Friday, June 24, 2011
Demagoguery 301 - The Graduate Program
By R.A. Monaco
June 22, 2011
Appealing to the emotions and prejudices of Americans these days has shown little thought or imagination, particularly, when the subject centers around the debt ceiling, taxes and the tactics of non-negotiation by Eric Cantor and John Boehner.
It was most disingenuous to suggest that President Obama's spirit of comity, mutual respect and invitation to civil discourse is demagoguery, as did Charles Krautherammer in his May 12, Washington Post article, Demagoguery 101. Now, while Congressional Republican leaders continue to falsely claim Democrats are pushing for tax increases, they've "vowed" not to compromise or give in. Surely, it could be said that such a vow is an act of insurrection against the sovereignty. After all, valid public debts of the United States constitutionally shall not be questioned under Section 4, of our Constitution's 14th Amendment.
Why wouldn't the President consider a "vow" not to compromise an act of insurrection? Compromise is not capitulation. Why isn't refusing to attend sessions led by Vice President Joseph R. Biden Jr., an instance or act of revolt against civil authority? Maybe the stated purpose of Senators Jon Kyl of Arizona and Mitch McConnell of Kentucky, to turn up the pressure on President Obama, should be considered exactly for what it is--resistance to the authority of one's government.
The president's power under Art II, Section 3 of our Constitution confers power in the President, to convene both Houses, or either of them, in the case of disagreement. There's no expression of reciprocal authority for members of either House. The unilateral "vow" of non-cooperation is just not a mandate for the president's direct involvement in the ordinary business of Congress. And since when is refusing to negotiate and not cooperating with the Vice President a mandate for a larger role from the President himself? Does the expression "go pound sand" have a ring to it?
Americans want the President to lead, not react to the demagoguery of no compromise politics. Enough is enough, going forward this needs to be remembered--capitulation is not compromise. There is a difference, a point which the President too needs to be mindful of.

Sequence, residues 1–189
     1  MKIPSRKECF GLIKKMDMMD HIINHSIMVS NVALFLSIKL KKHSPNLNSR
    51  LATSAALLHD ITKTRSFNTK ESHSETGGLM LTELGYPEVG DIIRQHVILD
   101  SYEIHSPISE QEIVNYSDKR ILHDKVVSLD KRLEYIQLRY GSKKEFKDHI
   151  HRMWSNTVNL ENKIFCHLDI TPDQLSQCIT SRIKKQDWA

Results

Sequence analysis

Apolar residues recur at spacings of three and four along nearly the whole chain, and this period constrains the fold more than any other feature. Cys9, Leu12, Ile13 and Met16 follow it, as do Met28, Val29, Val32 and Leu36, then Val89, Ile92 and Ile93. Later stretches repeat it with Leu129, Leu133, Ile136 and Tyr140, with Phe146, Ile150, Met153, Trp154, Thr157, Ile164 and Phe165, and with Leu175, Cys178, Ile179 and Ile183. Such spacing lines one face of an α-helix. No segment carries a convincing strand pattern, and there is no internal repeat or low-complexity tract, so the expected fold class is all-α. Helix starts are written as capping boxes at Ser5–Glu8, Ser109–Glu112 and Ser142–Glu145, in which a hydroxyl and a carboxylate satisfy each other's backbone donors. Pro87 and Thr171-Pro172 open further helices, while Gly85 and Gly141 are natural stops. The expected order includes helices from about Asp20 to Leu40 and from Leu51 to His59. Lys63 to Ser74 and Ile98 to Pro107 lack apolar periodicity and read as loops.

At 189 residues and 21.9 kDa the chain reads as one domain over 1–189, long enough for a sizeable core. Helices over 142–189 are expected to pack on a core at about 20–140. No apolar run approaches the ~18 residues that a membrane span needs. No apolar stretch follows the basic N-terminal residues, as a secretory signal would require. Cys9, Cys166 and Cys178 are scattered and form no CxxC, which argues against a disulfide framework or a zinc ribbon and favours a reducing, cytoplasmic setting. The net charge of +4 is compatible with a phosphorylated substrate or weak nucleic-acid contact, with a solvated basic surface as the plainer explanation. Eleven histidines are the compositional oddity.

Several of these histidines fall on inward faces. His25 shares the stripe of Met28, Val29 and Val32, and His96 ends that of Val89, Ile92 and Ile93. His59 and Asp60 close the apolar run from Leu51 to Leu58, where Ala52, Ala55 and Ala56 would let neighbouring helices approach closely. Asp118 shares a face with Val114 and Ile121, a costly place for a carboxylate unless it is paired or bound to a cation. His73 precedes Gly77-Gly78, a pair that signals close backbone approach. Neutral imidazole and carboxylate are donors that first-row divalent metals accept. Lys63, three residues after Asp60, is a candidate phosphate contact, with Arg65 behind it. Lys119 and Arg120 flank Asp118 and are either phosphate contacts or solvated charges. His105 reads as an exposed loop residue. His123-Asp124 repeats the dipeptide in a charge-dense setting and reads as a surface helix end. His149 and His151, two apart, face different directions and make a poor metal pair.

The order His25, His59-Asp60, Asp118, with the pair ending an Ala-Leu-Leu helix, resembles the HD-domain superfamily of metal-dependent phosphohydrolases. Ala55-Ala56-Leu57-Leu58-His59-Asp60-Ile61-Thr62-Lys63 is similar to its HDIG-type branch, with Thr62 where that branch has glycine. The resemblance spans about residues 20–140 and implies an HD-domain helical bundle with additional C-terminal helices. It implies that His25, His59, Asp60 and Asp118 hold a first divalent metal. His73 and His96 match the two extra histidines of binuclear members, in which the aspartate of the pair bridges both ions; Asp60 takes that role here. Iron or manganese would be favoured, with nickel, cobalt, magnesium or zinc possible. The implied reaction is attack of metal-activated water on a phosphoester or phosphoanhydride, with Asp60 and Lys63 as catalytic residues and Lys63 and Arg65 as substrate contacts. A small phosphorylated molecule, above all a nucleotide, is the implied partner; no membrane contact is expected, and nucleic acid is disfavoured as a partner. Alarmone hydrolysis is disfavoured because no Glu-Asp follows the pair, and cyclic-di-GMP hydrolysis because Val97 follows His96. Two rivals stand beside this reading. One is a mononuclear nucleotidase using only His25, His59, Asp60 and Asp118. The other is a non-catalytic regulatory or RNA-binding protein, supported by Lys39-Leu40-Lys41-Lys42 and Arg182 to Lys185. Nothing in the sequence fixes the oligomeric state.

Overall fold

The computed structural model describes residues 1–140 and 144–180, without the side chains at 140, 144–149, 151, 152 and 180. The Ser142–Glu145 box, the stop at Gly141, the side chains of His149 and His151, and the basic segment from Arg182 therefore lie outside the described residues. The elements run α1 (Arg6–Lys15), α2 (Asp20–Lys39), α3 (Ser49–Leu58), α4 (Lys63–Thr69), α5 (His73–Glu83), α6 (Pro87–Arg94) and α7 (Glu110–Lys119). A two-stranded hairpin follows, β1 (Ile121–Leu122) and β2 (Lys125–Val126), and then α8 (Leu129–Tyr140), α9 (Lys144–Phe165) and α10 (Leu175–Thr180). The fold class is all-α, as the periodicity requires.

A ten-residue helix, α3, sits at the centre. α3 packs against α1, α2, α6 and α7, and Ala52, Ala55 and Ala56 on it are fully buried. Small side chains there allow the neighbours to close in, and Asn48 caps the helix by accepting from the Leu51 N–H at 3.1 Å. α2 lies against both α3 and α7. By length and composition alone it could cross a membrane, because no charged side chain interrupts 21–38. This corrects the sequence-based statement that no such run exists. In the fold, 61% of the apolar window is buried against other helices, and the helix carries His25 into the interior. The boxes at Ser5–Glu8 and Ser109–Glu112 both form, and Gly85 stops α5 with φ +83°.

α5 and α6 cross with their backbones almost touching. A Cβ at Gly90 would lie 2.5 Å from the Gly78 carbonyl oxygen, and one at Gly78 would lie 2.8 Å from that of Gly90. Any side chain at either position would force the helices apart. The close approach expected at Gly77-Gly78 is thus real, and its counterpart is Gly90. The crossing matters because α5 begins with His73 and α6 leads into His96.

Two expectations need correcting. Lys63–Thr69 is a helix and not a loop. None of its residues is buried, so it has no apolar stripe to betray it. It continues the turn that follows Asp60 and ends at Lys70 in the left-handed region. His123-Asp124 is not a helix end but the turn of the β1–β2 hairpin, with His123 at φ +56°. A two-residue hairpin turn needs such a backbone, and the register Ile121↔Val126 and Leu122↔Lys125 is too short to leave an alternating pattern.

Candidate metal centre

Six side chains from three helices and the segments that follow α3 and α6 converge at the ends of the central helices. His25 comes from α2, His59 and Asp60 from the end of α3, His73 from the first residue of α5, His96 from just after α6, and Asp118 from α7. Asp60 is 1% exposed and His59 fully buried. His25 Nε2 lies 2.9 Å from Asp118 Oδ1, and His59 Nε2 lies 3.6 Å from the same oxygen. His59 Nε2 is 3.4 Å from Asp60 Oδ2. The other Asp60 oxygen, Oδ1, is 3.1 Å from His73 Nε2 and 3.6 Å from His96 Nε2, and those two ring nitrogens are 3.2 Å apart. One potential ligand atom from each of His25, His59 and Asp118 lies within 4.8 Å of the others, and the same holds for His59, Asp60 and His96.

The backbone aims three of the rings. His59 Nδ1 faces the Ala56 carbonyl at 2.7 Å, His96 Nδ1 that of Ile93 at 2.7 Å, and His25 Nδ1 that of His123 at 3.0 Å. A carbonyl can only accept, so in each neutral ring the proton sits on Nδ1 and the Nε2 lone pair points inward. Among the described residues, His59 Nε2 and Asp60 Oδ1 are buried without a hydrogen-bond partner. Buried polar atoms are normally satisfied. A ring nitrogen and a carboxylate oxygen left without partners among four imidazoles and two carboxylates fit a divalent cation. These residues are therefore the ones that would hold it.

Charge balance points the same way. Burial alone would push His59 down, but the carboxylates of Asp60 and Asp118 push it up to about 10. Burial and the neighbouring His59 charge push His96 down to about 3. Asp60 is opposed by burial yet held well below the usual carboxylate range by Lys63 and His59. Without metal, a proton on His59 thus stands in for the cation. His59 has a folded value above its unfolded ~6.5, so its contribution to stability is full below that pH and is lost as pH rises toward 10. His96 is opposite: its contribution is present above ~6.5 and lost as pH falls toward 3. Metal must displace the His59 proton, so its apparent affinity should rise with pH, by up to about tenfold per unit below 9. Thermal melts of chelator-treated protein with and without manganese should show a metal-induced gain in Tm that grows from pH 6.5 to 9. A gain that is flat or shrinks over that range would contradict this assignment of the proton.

Under our constitution, it is the president who shall communicate to Congress, convene and adjourn--not Congressional Republicans. Suppose we all vowed to not compromise with our co-workers unless the boss was directly involved in our work--no doubt there would be a huge increase in available job opportunities. Better, suppose we vowed not to pay taxes unless the president was directly involved in our negotiation with the IRS , do we have any less authority? The answer is an unequivocal, no!
The facts of the current proposal are that the bipartisan $2 trillion savings target would come, in part, from a phasing out of tax breaks. Tax breaks which very few individual Americans enjoy. Where do you suppose the lips of Congressional Republicans are exactly? Probably not on your or my--you know what.
What Americans have endured, once again, is little more than transparent demagoguery learned and typically practiced by those with a bat and ball on the baseball field after school. Abandonment of budget talks by Representative Erica Cantor, of Virginia, the House majority leader and Senator Jon Kyl of Arizona, the No. 2 Senate Republican their party's other representative, is a manufactured breakdown and veil partisan election strategy designed to loop the President directly into the debt ceiling debate. Only election and campaign finance reforms are likely to change this complete absence of good faith in conducting the business of Congress.
Going into this election cycle, Congressional Republicans continue to set bait for the President while people like Mr. Krautherammer defend their overt bad faith, impugn President Obama and claim it is not "They" who play politics with deficit reduction, with government shutdowns and health care and immigration. The fact is, a continued recession benefits Republicans in this election year cycle at the expense of the entire Nation and serves only to provide them opportunity to cast the shadows of responsibility for our economic situation solely on the President himself.
Clearly, G.O.P. leaders have misled the public on taxes issues, admittedly "vowed" to not compromise and have quit discussions on the debt ceiling. Those are acts of insurrection. By doing so, Congressional Republicans have conferred power in the president to take such measures as "he" shall judge necessary and expedient. Now is the time for the President to stop reacting to partisan bait and lead the Nation--that is the mandate of the people.